There's something to be said about a movie that is so effortlessly entertaining while being constructed with such craft and care. A decades-late sequel to "Top Gun" shouldn't be one of the best movies of the year, but here we are: "Top Gun: Maverick" is a bold, handsome, brilliantly entertaining reminder of what a Hollywood blockbuster can accomplish. It's a simple story told well. It's a cast of attractive, charismatic people creating characters we want to watch. It's action scenes choreographed and staged with such nerve that they demand to be seen on the big screen several times. "Maverick" isn't necessarily breaking new ground (and no one expects it to do that), but it's such a perfect example of what happens when a major motion picture is produced entirely by people who, for lack of a more eloquent phrase, actually give a s*** about their craft and their audience. I will watch this movie 50 more times.

5. Glass Onion

Since Rian Johnson's "Knives Out" arrived in 2019, I have watched the first Benoit Blanc mystery too many times to count. It has emerged as a comfort watch — a brilliantly told whodunit anchored by a delightful cast and Daniel Craig at his absolute best. The fact that all of that applies to "Glass Onion," a film that I like just as much as the first one, suggests that I will have the sequel on repeat for the foreseeable future, too. Johnson has found a formula that just plain works: a darkly comedic mystery carried on the shoulders of a brilliant rotating ensemble, anchored by Craig's increasingly entertaining Blanc, swirling around a core of social commentary that lends the frothy proceedings a vicious bite. Benoit Blanc, one of the great characters of 21st century cinema, is the southern fried moral crusader we need, and the fact that Rian Johnson is already working on a third film is the best kind of good news.

4. Nope

No one is making movies quite like Jordan Peele, who uses the horror genre to exorcises America's bleak soul. Like "Get Out" and "Us" before it, "Nope" is a razor-sharp satire that cuts deep, a cinematic attempt to remove the rotten flesh around a never-healing wound no one wants to talk about (in this case, the human capacity to embrace tragedy and pain as entertainment). But Peele isn't an arthouse filmmaker, even though he has the radical mind of one. He's here to entertain, so he explores these demons via a wildly entertaining sci-fi horror movie about a Black family who trains horses for the movies trying to get footage of the UFO that has been terrorizing their property. The results are terrifying and thrilling and reminiscent of the very best of Steven Spielberg, another filmmaker who can't help but crank out masterpieces that simultaneously please the crowd and spark the mind. Here is a filmmaker who speaks the language of cinema so fluently that you can just get lost in the many parts, which have no right to click together as well as they do.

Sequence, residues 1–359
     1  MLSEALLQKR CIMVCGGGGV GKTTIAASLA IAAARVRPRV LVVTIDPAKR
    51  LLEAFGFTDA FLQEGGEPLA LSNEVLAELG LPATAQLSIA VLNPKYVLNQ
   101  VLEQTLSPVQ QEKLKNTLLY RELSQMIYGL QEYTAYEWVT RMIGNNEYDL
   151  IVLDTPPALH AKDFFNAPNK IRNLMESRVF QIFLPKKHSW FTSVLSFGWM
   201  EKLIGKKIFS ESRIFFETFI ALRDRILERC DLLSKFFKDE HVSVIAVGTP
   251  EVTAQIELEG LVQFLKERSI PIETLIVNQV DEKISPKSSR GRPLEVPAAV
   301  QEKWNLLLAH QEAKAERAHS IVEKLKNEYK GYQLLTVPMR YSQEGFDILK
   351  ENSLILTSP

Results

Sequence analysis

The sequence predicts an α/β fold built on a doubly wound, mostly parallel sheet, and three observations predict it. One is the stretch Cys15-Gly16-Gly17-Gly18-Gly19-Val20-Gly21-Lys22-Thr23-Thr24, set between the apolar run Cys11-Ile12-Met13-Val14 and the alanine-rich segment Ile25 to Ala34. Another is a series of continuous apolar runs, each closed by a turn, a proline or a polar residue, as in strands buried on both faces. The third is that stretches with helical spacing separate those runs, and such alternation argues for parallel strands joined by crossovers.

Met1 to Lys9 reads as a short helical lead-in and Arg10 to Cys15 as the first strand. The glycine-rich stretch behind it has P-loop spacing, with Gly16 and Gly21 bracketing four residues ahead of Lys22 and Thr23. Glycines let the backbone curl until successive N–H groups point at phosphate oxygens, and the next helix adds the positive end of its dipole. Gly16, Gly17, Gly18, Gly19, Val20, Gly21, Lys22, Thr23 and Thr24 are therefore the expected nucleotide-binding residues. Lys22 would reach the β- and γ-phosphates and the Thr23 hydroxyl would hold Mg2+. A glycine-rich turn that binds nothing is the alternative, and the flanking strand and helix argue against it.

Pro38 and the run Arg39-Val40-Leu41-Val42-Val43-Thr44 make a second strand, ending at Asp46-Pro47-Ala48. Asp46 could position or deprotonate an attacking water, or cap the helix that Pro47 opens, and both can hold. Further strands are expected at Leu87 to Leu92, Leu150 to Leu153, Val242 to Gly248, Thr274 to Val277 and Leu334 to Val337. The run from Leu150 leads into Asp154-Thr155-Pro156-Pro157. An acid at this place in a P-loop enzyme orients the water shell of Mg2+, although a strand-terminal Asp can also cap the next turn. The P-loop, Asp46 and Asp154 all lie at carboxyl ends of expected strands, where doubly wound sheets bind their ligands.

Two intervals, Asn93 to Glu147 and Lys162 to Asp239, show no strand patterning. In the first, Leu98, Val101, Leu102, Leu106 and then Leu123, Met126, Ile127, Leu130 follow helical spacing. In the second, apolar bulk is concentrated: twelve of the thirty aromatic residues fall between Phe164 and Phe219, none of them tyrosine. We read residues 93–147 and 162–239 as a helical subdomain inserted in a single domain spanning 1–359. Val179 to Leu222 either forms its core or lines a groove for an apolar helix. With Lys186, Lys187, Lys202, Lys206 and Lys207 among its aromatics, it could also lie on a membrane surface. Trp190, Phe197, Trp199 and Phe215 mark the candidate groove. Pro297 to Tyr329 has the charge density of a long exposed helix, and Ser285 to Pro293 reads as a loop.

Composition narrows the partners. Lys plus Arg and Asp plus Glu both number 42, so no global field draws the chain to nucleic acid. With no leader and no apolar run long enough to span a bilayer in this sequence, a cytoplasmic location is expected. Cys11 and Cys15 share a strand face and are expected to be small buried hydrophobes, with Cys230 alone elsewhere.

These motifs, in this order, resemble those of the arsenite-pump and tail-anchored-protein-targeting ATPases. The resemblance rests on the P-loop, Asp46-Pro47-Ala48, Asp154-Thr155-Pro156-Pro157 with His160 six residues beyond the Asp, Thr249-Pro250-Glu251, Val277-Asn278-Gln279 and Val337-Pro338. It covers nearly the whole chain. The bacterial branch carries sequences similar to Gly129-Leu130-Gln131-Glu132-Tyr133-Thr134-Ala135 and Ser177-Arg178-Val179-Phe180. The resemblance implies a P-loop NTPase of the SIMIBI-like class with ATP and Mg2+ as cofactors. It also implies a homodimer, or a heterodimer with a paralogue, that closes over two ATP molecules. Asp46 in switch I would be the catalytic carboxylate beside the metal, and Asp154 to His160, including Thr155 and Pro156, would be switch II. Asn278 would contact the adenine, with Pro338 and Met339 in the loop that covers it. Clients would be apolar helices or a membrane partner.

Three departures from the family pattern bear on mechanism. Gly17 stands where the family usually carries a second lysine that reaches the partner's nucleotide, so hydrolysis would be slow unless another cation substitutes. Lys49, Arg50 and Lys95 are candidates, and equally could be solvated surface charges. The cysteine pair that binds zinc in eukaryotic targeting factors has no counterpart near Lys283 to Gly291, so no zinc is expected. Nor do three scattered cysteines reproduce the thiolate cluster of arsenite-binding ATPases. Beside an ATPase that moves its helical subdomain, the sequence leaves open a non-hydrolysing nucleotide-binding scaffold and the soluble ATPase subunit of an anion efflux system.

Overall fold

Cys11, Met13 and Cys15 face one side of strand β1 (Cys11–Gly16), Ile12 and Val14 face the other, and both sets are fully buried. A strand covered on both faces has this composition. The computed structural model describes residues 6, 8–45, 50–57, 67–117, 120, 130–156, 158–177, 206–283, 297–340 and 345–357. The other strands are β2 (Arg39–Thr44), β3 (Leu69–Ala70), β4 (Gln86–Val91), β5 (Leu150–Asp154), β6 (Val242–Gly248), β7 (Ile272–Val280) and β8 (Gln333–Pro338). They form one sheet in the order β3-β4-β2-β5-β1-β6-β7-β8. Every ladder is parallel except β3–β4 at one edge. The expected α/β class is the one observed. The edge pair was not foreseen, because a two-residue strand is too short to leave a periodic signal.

3. RRR

There was no bigger, wilder surprise in 2022 than "RRR," director S.S. Rajamouli's three-hour action epic about the power of bromance in the face of colonialism. Playing like history reimagined as a lunatic comic book, the film's astonishing action and goofy humor is what gets you in the door — but it's the surprising earnestness that wins you over. This is a movie that's as outrageous as any "Fast and Furious" film, but it's built around an emotional core so sound that you can't help but fall in love with the characters, even as they're engaging in jaw-dropping action scenes that make most Hollywood movies look anemic in comparison. It's safe to say that you probably haven't seen anything quite like this movie before, and that when the fastest three hours in human history are over, you'll probably be annoyed that most films aren't "RRR."

2. The Banshees of Inisherin

Writer/director Martin McDonagh has been exploring the nearly invisible line between comedy and misery since "In Bruges," but "The Banshees of Inisherin" represents him at his most brutal and his most empathetic. Pitch-dark comedy and raw devastation intermingle in every moment of this endlessly watchable but undoubtedly painful exploration of a broken friendship, with Colin Farrell and Brendan Gleason offering up the best work of their careers as two lifelong buddies who find themselves at odds and create chaos in their isolated Irish community. Filled with endlessly quotable lines, unforgettable acts of cruelty, and a sometimes unnerving understanding of every character no matter how dark their path gets, this is the kind of movie that asks you to stop wallowing in loneliness and self-loathing by laughing loud enough to stay afloat. Few films have better understood and reckoned with despair.

1. Everything Everywhere All at Once

I was lucky enough to attend the world premiere of "Everything Everywhere All at Once" at the SXSW Film Festival, where I reviewed it and awarded it the first 10/10 I have ever given a movie in over a decade of working in this industry. I still stand by that review, even after multiple viewings, and feel that the latest film from the directing duo Daniels is the best American film in years. This is a masterpiece of kitchen sink filmmaking, of artists throwing everything at the screen and watching, miraculously, as the results feel as anarchically cohesive as an actual human soul. A blend of science fiction and action, of big ideas and low comedy, "Everything Everywhere All at Once" is the antidote to the modern landscape, a movie about how everything is a big, impossible mess, and the only solution is to be kind in the face of it all.